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What’s Your Perfect E-Learning Solution?

Giving Learners What They Need so You Get the Business Results You Want

At Artisan E-Learning, we pride ourselves in being able to create YOUR perfect e-learning solution, and that solution is different client-by-client and even project-by-project. From microlearning to gamification and even video-based simulations, our goal is to give learners what they need so you get the business results you want. Our development process includes careful consideration of your learners, your goals, your culture, and more, and is best illustrated through the following story about an award-winning course we developed on a very serious subject – encountering an active shooter. This video-based immersive e-learning course was voted on by industry peers and experts and won the Best Immersive/Simulation Solution award at the eLearningGuild’s 2018 Learning Solutions DemoFest. It also won Best in Show as part of Training Magazine’s 2018 Online Learning Conference Test Kitchen.

This year, Amy and Cherie will be sharing some of the secrets behind developing this award-winning course at the eLearning Guild’s Learning Solutions Conference & Expo. If you’re going to be there, don’t miss their session: Extraordinary Video with Ordinary Equipment and Award-Winning Results.

A Course for Encountering an Active Shooter

When one of our clients requested a course for encountering an active shooter, we took on the important topic with gravitas. Not only was it a tough scenario, but the project parameters added multiple challenges. The course could not depict violence, guns, or blood. Further, we understood that the learner may never apply the information; and if there was an application, it could occur months to years after the learner completed the course. The application would put the learner in a highly-stressed state.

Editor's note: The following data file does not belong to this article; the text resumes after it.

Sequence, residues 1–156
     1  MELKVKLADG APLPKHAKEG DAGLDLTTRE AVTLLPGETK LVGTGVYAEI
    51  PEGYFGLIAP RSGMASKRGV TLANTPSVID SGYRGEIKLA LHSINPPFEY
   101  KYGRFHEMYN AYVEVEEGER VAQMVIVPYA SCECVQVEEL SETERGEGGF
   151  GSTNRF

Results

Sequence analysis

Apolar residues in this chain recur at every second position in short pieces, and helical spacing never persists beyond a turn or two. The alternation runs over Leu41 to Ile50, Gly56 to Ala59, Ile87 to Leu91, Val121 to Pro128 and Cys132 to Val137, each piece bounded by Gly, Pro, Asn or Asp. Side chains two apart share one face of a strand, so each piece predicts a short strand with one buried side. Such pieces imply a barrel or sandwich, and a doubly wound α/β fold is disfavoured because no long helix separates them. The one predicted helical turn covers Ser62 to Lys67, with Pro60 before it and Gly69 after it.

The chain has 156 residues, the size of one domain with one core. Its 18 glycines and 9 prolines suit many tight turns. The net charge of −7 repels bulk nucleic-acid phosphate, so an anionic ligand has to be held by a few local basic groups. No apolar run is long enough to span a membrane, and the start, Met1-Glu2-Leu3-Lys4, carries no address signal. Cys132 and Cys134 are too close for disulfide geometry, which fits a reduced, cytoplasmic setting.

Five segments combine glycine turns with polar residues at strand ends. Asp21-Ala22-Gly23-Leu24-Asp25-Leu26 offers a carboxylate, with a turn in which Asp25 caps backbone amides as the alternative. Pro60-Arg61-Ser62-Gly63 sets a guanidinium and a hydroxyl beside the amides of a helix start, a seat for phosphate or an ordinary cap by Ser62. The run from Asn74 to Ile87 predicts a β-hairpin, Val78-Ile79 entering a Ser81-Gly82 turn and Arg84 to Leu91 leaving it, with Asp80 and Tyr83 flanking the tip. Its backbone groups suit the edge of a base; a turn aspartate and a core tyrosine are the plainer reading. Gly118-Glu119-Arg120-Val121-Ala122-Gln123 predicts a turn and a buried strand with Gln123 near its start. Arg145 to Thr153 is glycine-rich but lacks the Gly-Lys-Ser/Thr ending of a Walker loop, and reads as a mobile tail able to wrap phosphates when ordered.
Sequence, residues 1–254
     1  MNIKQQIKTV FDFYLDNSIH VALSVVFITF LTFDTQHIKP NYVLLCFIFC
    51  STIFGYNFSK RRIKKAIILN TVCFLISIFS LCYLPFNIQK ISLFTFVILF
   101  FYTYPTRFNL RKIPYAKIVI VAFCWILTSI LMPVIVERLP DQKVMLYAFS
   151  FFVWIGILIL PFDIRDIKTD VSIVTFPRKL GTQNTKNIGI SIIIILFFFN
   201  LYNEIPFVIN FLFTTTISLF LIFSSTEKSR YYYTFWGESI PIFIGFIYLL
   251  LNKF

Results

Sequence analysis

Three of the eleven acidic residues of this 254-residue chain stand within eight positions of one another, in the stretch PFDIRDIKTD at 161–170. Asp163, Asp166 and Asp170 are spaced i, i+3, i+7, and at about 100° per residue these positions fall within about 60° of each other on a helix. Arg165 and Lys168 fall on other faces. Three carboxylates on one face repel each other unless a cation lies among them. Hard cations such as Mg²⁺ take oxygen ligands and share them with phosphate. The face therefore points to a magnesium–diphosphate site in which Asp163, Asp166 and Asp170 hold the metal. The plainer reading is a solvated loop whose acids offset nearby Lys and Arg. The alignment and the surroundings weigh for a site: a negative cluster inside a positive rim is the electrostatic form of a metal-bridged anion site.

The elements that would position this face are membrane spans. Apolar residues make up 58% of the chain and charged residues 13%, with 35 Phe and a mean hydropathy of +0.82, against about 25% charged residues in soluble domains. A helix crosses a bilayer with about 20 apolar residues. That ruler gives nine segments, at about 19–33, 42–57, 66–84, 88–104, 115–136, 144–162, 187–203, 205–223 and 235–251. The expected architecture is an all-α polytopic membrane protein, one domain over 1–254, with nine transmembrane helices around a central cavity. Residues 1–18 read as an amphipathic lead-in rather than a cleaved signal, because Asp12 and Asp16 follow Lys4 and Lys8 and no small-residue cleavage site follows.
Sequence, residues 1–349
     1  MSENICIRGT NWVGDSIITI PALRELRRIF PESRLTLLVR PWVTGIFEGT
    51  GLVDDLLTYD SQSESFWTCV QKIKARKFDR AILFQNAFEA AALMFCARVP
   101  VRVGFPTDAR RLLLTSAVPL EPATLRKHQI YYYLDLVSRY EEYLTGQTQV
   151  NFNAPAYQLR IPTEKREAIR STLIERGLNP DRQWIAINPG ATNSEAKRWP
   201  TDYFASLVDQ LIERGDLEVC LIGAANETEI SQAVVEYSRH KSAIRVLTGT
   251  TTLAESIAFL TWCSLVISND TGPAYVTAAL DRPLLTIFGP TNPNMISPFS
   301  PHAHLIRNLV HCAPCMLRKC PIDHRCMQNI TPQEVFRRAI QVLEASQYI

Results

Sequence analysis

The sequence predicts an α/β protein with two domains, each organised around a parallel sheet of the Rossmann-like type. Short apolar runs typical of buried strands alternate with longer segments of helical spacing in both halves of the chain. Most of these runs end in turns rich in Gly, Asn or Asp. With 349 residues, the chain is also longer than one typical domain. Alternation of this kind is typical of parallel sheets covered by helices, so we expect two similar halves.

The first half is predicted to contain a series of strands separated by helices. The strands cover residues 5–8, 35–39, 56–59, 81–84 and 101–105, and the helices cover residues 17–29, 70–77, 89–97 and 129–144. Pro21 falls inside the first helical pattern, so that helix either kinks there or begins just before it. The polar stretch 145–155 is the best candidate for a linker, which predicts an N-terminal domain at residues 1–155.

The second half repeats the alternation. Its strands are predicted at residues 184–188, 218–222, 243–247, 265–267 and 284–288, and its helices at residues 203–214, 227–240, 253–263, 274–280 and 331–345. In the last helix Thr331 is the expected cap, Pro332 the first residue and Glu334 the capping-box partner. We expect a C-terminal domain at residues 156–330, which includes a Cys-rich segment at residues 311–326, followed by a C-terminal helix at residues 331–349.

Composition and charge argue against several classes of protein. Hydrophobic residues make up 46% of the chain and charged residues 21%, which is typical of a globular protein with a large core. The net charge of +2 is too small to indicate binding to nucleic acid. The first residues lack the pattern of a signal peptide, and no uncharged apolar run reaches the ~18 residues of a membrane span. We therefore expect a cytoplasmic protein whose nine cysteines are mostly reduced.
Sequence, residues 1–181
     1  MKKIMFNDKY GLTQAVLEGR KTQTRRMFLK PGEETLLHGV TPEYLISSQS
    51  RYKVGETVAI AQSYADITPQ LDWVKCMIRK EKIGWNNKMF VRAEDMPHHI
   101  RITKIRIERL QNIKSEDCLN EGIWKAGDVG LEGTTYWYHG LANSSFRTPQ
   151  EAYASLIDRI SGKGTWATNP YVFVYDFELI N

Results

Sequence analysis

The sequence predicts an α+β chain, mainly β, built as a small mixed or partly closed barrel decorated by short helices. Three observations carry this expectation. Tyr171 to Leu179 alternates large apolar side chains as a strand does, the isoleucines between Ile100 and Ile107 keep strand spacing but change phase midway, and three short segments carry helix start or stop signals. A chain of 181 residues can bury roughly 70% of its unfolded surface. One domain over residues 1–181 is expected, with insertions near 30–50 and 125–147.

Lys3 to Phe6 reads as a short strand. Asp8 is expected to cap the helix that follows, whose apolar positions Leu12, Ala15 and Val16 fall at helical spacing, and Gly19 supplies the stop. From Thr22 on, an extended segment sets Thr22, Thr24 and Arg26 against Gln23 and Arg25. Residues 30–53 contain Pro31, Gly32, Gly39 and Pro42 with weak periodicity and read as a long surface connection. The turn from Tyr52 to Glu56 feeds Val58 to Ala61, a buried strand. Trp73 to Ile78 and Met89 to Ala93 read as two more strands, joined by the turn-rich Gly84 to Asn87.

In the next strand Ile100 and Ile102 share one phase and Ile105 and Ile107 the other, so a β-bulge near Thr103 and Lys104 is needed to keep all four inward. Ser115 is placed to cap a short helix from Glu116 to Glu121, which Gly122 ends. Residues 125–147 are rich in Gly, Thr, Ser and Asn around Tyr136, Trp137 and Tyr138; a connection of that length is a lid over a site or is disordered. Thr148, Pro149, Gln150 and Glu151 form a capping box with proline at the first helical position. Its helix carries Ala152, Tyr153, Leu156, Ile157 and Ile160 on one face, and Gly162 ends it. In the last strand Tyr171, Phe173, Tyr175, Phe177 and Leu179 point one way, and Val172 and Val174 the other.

With this active shooter course, our team knew that we were not trying to creating a habit; instead, we needed to create a memory. Additionally, we needed the learner to be in an intense, urgent, and emotional situation, all markers of what moves an experience from short-term to long-term memory.

When you retrieve a memory in your mind, you often see it playing out, much like a movie. We wanted to create that movie-memory but didn’t have a blockbuster budget to do it. Even so, we were able to build an immersive course that put the learner in a first-person situation.

Creating a Movie-Like Experience Without the Blockbuster Budget

Our team focused on what it would take to create that long-term memory, and thought about a current-day response to almost any situation: grab your cell phone and start recording. This response became the foundation for building an immersive course. Using inexpensive equipment, hired actors, and a focus on the first-person experience, the course came to life.

It begins with the learner in the break room at work. While the instinct is to show the active shooter, it’s not how these situations typically unfold. Usually, you hear a noise or hear others yelling about the situation. We wanted to begin the course in the same way. As the learner, you hear a noise, you pick up your phone and begin capturing what unfolds.